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OUI Refusal: How You Can Refuse a Chemical Test while still Saying Yes

Posted by Nathan Hitchcock | Feb 01, 2019 | 0 Comments

A charge and conviction of Operating Under the Influence (OUI) can have significant consequences for anyone who is unfortunate to receive one. Refusing to submit to and comply with a chemical test elevates these consequences even more. The standard way to refuse a chemical test is to just say no when requested by law enforcement, but there are other actions that the Court will recognize as a refusal, even if you say you are willing to take the test. Knowing what constitutes a refusal of a chemical test can mean the difference between freedom and jail.

If you are found to have refused to submit to a chemical test and convicted of OUI, you will face potentially harsher consequences and mandatory minimum sentences. A first offense Operating Under the Influence conviction is a Class D misdemeanor, which means the maximum sentence a court could impose would be three hundred sixty four (364) days in jail, and a two thousand dollar fine. The State Legislature has created a mandatory minimum sentence for a first offense OUI, meaning the court must at least impose this minimum if someone is convicted. The mandatory minimum sentence is a five hundred dollar fine, and a license suspension of one hundred fifty (150) days. If you are found to have refused a chemical test, the maximum sentence stays the same, but the mandatory minimum sentence is elevated to a six hundred dollar fine, and a jail sentence of ninety-six (96) hours. Additionally, the license suspension must run consecutive to any administrative suspension by the Bureau of Motor Vehicles. For every additional OUI committed within a ten-year period, the mandatory minimums for both OUI and OUI refusal will increase, and if you are charged with OUI having two previous convictions within ten years, you will face a Class C felony. A class C felony has a maximum sentence of five years in prison, a five thousand dollar fine, and two years of probation. An allegation of refusing a chemical test elevates the seriousness of the OUI in the eyes of the Court and can include significant jail time. This is why it is important to have a criminal defense attorney who will review a case to determine whether a refusal actually took place.

Refusing a chemical test does not require actually saying no to be considered a refusal. The State Legislature elevated mandatory minimum sentences for refusals, compared to standard OUIs, because of the duty to submit to and comply with chemical tests. As part of receiving a license in Maine, or being allowed to drive in Maine, there is an implied consent that you will submit to and comply with a chemical test if a law enforcement officer believes you operated a motor vehicle under the influence. If a law enforcement officer believes you have committed an OUI, the officer will have you complete a breath test to determine your breath alcohol level, unless he or she believes a breath test would be unreasonable. For example, if you had an open wound in your mouth, an officer may consider a breath test unreasonable. If an officer reasonably believes a breath test is unreasonable, you may be subject to a blood test or urine test. The law does not give you permission to request a different test than the one the officer offers. For example, saying you will not do a breath test but will do a blood test when the officer only offers you a breath test will be considered a refusal to submit to or comply with a chemical test, even though you are willing to take a chemical test. Additionally, if the State can show that you were not following the directions of the breath test, either by not providing enough air without a medical condition to explain it or by doing things that delay the results of a breath test, that can be considered a refusal to comply with the breath test. Even though there was an agreement to take the test, failing to comply with the test's requirements may constitute a refusal. Without actually saying no to taking any test, you may still be considered as refusing the test if you do not comply with the laws and rules established for taking a chemical test. Some of these instances of refusal can be close calls between refusing or not. A criminal defense attorney who specializes in OUI defense can analyze the facts and, if necessary, make the argument that there was no refusal, which can save you from the elevated severe consequences of a refusal.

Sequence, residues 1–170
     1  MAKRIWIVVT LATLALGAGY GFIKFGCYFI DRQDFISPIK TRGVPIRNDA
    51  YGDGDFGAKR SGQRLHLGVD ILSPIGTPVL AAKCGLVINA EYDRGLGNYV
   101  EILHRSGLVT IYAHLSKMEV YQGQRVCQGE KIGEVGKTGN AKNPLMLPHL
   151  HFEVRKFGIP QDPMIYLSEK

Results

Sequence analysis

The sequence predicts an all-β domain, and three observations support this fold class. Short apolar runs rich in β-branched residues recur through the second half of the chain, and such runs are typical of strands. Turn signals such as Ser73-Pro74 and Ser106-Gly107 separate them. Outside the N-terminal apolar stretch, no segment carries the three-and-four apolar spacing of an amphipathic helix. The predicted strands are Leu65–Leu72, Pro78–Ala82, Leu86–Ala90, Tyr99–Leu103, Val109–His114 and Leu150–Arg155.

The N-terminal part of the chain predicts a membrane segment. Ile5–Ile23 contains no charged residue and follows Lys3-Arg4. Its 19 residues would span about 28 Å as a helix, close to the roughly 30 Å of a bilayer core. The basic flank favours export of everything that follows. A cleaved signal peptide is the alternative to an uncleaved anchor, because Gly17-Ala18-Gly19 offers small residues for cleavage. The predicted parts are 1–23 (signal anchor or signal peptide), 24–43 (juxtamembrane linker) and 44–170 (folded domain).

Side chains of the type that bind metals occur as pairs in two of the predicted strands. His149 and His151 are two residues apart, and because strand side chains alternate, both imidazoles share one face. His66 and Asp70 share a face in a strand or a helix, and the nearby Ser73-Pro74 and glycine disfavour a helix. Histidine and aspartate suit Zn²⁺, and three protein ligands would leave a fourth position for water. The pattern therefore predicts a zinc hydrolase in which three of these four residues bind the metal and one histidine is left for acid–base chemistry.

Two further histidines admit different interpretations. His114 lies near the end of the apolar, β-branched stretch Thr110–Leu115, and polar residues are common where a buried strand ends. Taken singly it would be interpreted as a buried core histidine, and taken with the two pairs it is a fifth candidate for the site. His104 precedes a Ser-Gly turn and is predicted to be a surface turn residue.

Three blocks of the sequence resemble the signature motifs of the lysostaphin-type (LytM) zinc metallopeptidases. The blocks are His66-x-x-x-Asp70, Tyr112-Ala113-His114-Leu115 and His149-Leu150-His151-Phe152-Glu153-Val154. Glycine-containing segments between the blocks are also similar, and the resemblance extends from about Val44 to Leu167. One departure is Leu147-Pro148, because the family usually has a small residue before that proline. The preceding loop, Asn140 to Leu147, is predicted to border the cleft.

Defending an Operating Under the Influence charge is very complex, and the issues of refusing a test complicate it even more, which is why having a criminal defense attorney who specializes in OUI defense is essential. If you have been charged with Operating Under the Influence or any other crime, contact the attorneys at WTB LAW immediately for a consultation.

About the Author

Nathan Hitchcock

Nathaniel H. Hitchcock's practice is devoted solely to defending persons accused of committing criminal offenses. As an associate attorney at WTB LAW, Attorney Hitchcock works closely with Attorney William Bly, who is recognized statewide as a skilled and fierce advocate in the courtroom. Attorney Hitchcock regularly attends seminars and training focused on effectively defending a wide variety of criminal case types.

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